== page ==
Decisions. The basis of your entire life can be broken down into a series of decisions, whether they be good or bad choices, for better or for worse. X-Men: Destiny preaches the same concept, yet it really boils down to one major decision: are you enough of a die-hard X-Men fan (like myself) to sit through an uninspired, wholly mediocre, and highly unoriginal action game?
Let’s talk about the positives first, however. While Silicon Knights does many, many things wrong, the general plot was crafted by Marvel writer Mike Carey (X-Men: Legacy), overflowing with all of the convolution and twists and turns that have filled the pages over the years during such crossovers like House of M and Second Coming. With Professor X dead, the X-Men attempt to continue his dream of peace, only to be faced with opposition from the Brotherhood of Mutants and Bastion (the creature that put Xavier down). It truly feels like a comic book story and is told rather well, with some great support from established voice actor Steven Blum. Yet, besides Mr. Blum and actors behind Cyclops and certain other characters, the voice work has a tendency to become shoddy, with characters like Emma Frost and Gambit inducing some serious cringing. Mike Carey does a fine job scripting the game and creating a “believable” X-Men plot, it’s just too bad Silicon Knights couldn’t properly voice the whole experience, and this sour taste is present through the game's entirety.
Have you ever wondered what it would be like if they combined every action-adventure feature into a single entity, improving on no aspect whatsoever? Apparently, so did Silicon Knights. While not inherently terrible, X-Men: Destiny is simply boring. Basic attacks, which make up the vast majority of combat, are repetitive, mundane combinations of Xs and a Y, and look unimpressive. There are no air attacks, save for an unnecessary ground pound and, when combined with the rest of the run-of-the-mill combat, is a detriment to the feel of playing a superhero. The industry has never really been able to create an authentic superhero game, where one actually feels like they are in the role of a super-powered being, and Destiny is no different. Limited attacks and maneuverability just doesn’t cut it, particularly if it’s a repetitive menagerie already.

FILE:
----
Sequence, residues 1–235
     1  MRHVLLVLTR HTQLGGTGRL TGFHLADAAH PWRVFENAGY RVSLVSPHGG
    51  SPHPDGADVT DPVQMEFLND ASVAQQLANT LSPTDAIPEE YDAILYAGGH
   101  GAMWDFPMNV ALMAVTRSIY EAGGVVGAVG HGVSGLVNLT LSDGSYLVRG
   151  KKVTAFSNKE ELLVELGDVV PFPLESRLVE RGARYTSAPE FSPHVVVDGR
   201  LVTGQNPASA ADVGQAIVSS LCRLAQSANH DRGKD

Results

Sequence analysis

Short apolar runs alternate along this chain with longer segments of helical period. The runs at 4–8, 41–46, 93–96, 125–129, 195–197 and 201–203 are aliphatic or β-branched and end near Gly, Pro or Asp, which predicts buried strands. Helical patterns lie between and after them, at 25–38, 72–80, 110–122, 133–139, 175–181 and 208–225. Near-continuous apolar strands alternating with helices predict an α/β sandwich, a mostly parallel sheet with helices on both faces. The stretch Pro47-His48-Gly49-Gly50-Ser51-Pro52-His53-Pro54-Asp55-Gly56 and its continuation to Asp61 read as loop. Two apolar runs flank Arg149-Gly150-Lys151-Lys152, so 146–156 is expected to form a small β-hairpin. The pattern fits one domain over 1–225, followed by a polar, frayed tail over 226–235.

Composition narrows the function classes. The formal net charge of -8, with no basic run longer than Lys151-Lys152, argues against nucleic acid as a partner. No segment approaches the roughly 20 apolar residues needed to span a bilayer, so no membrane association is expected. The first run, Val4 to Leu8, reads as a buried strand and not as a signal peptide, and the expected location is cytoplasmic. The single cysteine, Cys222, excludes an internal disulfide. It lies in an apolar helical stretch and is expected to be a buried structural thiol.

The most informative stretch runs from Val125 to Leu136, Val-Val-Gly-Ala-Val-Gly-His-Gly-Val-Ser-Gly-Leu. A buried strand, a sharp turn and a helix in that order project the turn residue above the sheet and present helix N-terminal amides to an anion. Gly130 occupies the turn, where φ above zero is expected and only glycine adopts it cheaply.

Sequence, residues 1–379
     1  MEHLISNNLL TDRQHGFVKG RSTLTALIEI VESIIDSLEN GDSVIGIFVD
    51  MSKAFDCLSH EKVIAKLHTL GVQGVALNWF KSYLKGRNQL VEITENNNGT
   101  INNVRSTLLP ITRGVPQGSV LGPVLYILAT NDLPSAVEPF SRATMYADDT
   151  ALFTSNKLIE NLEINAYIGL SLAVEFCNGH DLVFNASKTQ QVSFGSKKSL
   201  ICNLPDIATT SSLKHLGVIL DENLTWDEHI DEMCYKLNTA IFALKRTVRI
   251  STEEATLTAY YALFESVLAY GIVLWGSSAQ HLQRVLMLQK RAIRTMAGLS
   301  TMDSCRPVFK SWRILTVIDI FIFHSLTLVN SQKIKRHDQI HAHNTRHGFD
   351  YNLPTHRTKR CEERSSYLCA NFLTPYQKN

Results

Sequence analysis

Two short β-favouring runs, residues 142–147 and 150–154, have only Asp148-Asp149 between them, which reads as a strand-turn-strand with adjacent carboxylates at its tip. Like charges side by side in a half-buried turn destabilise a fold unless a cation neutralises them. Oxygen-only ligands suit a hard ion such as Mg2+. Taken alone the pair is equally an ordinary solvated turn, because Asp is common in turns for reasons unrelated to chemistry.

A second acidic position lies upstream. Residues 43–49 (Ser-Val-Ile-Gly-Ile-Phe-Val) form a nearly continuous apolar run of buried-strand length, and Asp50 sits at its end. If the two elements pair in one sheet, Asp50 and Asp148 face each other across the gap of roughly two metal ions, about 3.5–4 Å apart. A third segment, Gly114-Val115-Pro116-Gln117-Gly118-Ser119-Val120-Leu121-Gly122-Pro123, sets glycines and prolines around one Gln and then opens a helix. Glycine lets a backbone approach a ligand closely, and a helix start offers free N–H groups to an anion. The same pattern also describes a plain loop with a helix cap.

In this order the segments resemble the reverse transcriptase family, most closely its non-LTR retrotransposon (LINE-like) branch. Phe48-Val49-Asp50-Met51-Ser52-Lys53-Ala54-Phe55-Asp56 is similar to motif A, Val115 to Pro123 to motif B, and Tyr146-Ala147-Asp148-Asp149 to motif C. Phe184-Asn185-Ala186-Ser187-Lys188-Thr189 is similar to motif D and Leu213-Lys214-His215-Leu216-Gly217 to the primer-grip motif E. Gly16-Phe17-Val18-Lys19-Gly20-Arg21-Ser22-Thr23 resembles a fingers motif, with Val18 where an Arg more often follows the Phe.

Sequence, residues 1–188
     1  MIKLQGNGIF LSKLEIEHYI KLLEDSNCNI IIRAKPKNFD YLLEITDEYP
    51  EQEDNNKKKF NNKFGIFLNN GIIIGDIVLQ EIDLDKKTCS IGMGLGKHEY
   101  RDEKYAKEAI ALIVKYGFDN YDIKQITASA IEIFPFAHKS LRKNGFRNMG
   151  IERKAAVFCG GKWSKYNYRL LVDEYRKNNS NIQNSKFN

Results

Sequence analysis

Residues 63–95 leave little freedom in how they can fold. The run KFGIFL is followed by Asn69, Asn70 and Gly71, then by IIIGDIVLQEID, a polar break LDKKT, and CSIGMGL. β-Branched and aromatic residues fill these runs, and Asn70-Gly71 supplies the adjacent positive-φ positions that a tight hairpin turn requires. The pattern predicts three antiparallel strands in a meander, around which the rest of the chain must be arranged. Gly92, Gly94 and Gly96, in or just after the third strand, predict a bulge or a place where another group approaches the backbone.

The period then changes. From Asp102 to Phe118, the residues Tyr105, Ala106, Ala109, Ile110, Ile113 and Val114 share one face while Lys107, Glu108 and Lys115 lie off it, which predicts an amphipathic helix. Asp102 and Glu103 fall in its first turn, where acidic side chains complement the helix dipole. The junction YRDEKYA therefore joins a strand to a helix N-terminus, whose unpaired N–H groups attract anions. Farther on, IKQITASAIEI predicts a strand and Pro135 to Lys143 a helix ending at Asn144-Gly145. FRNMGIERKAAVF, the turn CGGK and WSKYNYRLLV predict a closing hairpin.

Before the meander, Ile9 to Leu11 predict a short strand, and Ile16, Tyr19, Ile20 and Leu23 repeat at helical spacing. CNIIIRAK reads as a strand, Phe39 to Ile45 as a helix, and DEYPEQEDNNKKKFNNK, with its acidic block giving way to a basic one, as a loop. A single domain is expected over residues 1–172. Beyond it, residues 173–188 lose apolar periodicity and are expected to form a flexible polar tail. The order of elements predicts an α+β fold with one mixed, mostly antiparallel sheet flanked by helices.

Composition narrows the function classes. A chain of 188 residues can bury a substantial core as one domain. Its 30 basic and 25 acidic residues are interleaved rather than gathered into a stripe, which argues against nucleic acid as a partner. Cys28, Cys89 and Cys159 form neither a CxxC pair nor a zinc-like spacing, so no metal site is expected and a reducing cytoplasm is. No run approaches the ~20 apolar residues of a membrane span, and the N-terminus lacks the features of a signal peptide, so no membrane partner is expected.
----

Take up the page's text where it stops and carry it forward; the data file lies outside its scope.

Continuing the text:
Though some of the powers are genuinely interesting and fun - becoming a mobile supernova is pretty awesome - they’re not terribly original. Starting a new game will have you selecting one of three new mutants (Aimi Yoshida, Grant Alexander, or Adrian Luca) and from a pool of three basic powers: energy, blades, or body manipulation, which are simply code for ranged, fast melee, and slow melee, respectively. Sure, I love shooting beams out of my hands, or creating blades out of dark matter, but if my blasts have limited distance and I can’t control the shape or weight of my weapon, then what’s the point of giving me powers? Where is the customization? And this is where the problems with the “Decision Tree” arise.
Instead of a typical skill tree, Destiny features a “Decision Tree.” Though it looks and feels very much like a skill tree, you’ll only have access to three skills out of a possible six per power pool. Choosing one eliminates the other, and each power can be upgraded three or four times. Yet, besides your basic button-mashing power, each level only has minor effects. Increasing my power or making it affect a larger area is cool, but what about more variance to the powers? Why can’t my beams be upgraded to go across the entire screen? A small and uncustomizable skill tree isn’t quite the equation for success, and unsurprisingly contributes to the game’s lack of fun and originality.
The decision “fun” doesn’t stop there. You’ll be required to choose between the X-Men and the Brotherhood as you progress and speak with other mutants. In the long run, though, it doesn’t matter who you choose, as there are no benefits or disadvantages for either, and in the end both paths come to the same conclusion. It’s a copy of the inFamous morality system, though very poorly executed.
It’s not just the gameplay that feels uninspired, either. X-Men: Destiny holds a very dated look, where early 360 games like King Kong, and even Prey, hold an edge over it in terms of visuals. Destructible environments are non-existent, as are any really impressive character models or backgrounds. And like most of the voice work, the music and other sound work is decidedly average, bringing nothing of substance to the table. But this all falls into Silicon Knights' modus operandi: let's make the most run-of-the-mill third person action game we can, and they certainly didn’t disappoint.
Now, did you decide? Are you enough of an X-Men fan to sit through mindless, button mashing action, where you don’t even get to play as Wolverine, Cyclops, Magneto, or any of your favorite X-Men? I know, it’s very tough, especially since it will only take about eight hours to complete, and much less if you could actually skip cutscenes. However, when you take into account that the entire game, from voice acting, to visuals, to combat, to powers is completely and utterly uninspired, I think the choice is clear: pass on this mediocre mess of rehashed gameplay features and read the comic itself if you want to experience the only good Destiny has to offer. X-Men: Destiny is not really an awful game, it’s just awfully freakin’ boring.